International Food Stall: A Nasi Lemak Breakfast


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It was at Nyonya, a Malaysian restaurant in New York City, that I recently found myself with the legendary and insatiable Gael Greene, trying to explain the wonder that is nasi lemak, a Malay dish of coconut rice topped with a fried egg, fried chicken, crispy anchovies, cucumber slices and fiery sambal chili sauce.

“We eat it for breakfast — or lunch,” I said, explaining that some Singapore hawkers will have packets of the rice tightly wrapped up in banana leaves set out in the morning, ready for the harried to buy and eat on the run.

“Breakfast?” she said, looking intrigued.

Granted, it’s hard to appreciate nasi lemak as one of the best ways to start the day when the New York version set before you is a mound of flavorless rice paired with a mushy mess of sodden chicken and anchovies that are limp and cold instead of crunchy and tongue-searingly hot.

But if you’ve had the real thing for breakfast while sitting in a humid hawker center in sweltering tropical heat, trust me, you’ll be a convert. Oatmeal and French Toast will be all but a distant, lesser memory.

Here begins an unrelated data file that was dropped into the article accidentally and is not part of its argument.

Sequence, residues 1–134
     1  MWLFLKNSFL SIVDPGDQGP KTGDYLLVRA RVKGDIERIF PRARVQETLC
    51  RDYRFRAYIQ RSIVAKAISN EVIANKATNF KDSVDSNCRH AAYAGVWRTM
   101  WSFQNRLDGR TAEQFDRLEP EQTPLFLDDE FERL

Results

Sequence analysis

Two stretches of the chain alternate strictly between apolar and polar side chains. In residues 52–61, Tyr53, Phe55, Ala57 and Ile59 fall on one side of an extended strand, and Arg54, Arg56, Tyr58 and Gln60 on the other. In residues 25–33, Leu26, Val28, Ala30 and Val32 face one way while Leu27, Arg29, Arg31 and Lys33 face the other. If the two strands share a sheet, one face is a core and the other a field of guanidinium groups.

In Singapore, one of my favorite places for the stuff is a little stall in Changi Village, a somewhat sleepy nook by the sea. It’d been many years since I’d been there — but I’d heard its lines remained as impossibly long. (Always a good sign.)

Clearly, it was time for a revisit …

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Ice Kachang: Savoring The Old


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This is what inevitably happens when I get together with the Fairways Kids, a bunch of friends I’ve known since I was 11, back when my family moved into a Singapore condominium building named (naturally) Fairways.

Sure, we’ll catch up on jobs, lives, kids, significant others. But somehow the conversation always wends its way back to one thing: ice kachang, a sugary dessert featuring a bowl of sweet corn, red beans, palm seeds and jelly topped with a minor hill of shaved ice that’s been doused in syrup so sweet you can practically feel a toothache coming on as you shovel spoonfuls into your mouth.

We were a rambunctious lot — still are, some might say. Rough soccer games, fearless, kickboxing fights in the swimming pool, endless games of volleyball in the tennis court — this was how our youths were misspent. But the highlight of those idyllic days often was a trip over the fence (the shortcut before the condo association built a back gate) to the hawker center in the back. 

What lay at the end was an ice-cold mountain, festive and pink. 

Back behind the fence, we had homework, exams and, later, boy or girl problems to consume us. But at Telok Blangah Food Centre, things were simple. All we had to worry about was whether we had enough coins that day for a bowl of ice kachang.

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